Here’s the bigger issue. By what standard do Congress and the courts determine what’s a right? By what standard to the people determine what’s a right and what’s not?

The Constitution doesn’t say, but the Declaration of Independence does. That book Judge Kavanaugh carries with him references the Declaration of Independence in its closing statement just above the signature of George Washington:

Image result for done in the year of lord constitution

The Declaration contains these our references to God:

  1. When in the Course of human events, it becomes necessary for one people to dissolve the political bands which have connected them with another, and to assume among the powers of the earth, the separate and equal station to which the Laws of Nature and of Nature’s God entitle them, a decent respect to the opinions of mankind requires that they should declare the causes which impel them to the separation.
  2. We hold these truths to be self-evident, that all men are created equal, that they are endowed by their Creator with certain unalienable Rights, that among these are Life, Liberty and the pursuit of Happiness.
  3. We, therefore, the Representatives of the United States of America, in General Congress Assembled, appealing to the Supreme Judge of the world for the rectitude of our intentions, do, in the Name, and by the Authority of the good People of these Colonies, solemnly publish and declare, That these United Colonies are, and of Right ought to be Free and Independent States;
  4. And for the support of this Declaration, with a firm reliance on the protection of divine Providence, we mutually pledge to each other our Lives, our Fortunes, and our sacred Honor.

The Constitution doesn’t prohibit rape, incest, murder, or theft. Does this mean that it supports moral anarchy? And if it doesn’t, then what were the founders thinking when they left the Constitution adrift without a moral anchor? There is nothing in the Constitution that defines ethics, the parameters of marriage relationships, or what constitutes a family.

The founders relied on Natural Law and the Common Law that were heavily influenced by biblical law (Deut. 19:15; Matt. 18:16; John 18:17; 2 Cor. 13:1): “No person shall be convicted of treason unless on the testimony of two witnesses to the same overt act, or on confession in open court” (Art. 3, sec. 3).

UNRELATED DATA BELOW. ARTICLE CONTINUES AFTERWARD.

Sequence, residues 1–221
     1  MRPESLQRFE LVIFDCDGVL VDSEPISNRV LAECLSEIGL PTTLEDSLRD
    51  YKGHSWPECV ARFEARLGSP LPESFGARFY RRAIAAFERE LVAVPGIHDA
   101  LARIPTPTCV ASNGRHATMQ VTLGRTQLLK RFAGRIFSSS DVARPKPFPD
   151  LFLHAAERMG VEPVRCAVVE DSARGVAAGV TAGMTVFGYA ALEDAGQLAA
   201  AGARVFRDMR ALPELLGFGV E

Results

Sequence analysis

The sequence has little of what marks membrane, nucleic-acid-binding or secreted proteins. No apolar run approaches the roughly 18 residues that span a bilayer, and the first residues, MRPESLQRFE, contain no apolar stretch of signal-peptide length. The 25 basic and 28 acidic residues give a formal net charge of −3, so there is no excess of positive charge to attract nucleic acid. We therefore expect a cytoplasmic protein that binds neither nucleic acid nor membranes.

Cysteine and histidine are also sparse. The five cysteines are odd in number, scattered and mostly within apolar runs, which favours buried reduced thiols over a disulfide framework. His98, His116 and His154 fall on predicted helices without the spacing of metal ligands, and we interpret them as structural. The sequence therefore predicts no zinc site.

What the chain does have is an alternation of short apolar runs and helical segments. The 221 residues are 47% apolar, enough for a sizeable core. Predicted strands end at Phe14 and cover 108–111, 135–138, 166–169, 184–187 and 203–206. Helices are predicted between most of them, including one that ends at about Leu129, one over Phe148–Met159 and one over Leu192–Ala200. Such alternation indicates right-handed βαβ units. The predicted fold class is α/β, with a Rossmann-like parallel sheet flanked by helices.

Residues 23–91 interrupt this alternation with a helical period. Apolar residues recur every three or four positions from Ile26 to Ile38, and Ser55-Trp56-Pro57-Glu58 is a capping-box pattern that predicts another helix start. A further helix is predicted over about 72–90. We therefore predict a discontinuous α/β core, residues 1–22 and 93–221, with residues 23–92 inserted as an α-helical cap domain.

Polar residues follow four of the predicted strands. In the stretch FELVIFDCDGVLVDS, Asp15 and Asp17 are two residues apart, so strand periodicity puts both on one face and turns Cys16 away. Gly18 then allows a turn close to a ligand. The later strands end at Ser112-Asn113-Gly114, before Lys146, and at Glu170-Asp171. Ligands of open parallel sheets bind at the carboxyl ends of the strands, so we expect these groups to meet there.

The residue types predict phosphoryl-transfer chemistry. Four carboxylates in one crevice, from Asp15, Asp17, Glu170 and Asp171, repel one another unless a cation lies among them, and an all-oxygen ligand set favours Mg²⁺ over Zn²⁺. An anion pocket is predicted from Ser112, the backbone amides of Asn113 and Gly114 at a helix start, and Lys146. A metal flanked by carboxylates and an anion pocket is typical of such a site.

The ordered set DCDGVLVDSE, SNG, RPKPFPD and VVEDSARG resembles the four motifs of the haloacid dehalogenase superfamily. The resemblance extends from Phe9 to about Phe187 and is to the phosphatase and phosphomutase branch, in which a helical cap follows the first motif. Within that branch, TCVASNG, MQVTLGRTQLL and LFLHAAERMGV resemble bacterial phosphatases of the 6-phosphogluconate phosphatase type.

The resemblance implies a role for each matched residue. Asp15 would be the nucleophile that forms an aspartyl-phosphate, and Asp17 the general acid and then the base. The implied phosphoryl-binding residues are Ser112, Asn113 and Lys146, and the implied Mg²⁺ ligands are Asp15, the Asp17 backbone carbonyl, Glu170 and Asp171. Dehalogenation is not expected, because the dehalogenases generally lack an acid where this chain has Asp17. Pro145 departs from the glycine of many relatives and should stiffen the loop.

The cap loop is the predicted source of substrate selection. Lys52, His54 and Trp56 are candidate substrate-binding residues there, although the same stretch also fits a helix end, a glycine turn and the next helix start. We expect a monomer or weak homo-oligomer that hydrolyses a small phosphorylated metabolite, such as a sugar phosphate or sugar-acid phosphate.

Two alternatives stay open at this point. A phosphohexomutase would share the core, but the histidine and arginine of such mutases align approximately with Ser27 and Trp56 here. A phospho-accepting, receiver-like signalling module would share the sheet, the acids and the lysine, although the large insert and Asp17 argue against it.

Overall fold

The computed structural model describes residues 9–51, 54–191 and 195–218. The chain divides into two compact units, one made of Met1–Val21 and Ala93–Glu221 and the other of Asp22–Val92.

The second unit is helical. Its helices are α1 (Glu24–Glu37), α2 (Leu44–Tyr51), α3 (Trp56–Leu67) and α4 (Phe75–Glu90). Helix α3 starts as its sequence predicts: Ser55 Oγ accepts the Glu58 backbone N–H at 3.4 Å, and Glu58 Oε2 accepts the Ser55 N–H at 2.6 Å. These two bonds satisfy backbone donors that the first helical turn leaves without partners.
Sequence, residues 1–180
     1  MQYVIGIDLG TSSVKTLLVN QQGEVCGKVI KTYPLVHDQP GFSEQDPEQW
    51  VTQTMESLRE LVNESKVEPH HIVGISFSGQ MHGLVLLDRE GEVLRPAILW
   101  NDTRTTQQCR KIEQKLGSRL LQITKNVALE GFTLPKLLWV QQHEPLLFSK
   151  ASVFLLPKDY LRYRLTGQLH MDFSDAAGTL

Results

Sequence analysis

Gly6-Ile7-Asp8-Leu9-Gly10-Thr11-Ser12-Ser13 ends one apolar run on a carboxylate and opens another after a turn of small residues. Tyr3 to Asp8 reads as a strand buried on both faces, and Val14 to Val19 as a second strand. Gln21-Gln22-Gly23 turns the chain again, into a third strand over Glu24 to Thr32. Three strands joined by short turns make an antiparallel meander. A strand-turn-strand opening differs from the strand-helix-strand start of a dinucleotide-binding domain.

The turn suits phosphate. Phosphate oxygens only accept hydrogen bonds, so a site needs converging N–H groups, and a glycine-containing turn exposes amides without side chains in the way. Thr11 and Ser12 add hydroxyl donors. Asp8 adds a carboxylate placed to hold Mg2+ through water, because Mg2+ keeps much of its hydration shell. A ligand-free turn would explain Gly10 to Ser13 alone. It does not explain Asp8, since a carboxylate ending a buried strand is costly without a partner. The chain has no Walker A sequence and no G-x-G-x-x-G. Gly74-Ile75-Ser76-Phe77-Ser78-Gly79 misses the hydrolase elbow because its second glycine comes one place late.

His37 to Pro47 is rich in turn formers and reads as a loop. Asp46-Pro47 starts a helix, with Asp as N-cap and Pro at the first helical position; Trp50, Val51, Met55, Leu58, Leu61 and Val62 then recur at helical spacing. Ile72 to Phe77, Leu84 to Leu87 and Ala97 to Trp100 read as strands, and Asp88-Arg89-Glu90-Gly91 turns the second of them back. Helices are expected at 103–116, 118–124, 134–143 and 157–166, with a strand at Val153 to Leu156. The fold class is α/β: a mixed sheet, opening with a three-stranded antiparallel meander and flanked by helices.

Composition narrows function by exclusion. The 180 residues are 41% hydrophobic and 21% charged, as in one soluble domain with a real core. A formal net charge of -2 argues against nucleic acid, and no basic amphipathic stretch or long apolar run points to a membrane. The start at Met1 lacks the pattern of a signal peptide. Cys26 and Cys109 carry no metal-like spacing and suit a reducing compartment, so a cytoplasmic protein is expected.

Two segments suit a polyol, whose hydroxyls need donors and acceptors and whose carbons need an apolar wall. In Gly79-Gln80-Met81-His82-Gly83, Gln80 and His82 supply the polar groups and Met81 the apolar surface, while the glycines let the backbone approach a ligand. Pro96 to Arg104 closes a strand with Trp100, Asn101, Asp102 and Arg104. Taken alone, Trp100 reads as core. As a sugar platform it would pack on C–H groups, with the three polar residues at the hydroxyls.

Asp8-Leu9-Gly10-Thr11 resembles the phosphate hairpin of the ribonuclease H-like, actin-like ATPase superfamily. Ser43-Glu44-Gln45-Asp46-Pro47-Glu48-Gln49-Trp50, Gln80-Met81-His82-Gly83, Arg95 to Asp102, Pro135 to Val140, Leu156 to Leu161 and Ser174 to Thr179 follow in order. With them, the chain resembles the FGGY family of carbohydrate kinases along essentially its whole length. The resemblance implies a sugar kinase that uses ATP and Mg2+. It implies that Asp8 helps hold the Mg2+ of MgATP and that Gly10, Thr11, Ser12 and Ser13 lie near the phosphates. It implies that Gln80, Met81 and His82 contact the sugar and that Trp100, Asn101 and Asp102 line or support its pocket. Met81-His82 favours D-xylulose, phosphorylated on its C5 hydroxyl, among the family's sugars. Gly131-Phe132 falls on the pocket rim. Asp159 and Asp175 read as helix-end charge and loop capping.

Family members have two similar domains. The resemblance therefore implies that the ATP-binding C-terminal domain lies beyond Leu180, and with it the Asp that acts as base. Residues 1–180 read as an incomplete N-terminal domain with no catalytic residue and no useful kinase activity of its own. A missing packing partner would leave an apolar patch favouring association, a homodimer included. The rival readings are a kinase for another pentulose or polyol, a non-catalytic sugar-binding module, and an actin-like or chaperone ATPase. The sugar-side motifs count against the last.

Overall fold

Following English jurist William Blackstone, who wrote:

Upon these two foundations, the law of nature and the law of revelation, depend all human laws; that is to say, no human laws should be suffered [permitted] to contradict these. There are, it is true, a great number of indifferent points, in which both the divine law and the natural leave a man at his own liberty; but which are found necessary for the benefit of society to be restrained within certain limits. And herein it is that human laws have their greatest force and efficacy: for, with regard to such points as are not indifferent, human laws are only declaratory of, and act in subordination to the former. To instance in the case of murder: this is expressly forbidden by the divine, and demonstrably by the natural law; and from these prohibitions arises the true unlawfulness of this crime.

Kamala Harris rejects any talk of divine law or natural law or even Common Law. This is why she and others want to pack the courts with people who reject any outside restraints on moral conduct. Wit five judges they can control our lives. That’s why there’s so much at stake with Judge Kavanaugh. Their need for five justices to control the direction of the court is in jeopardy.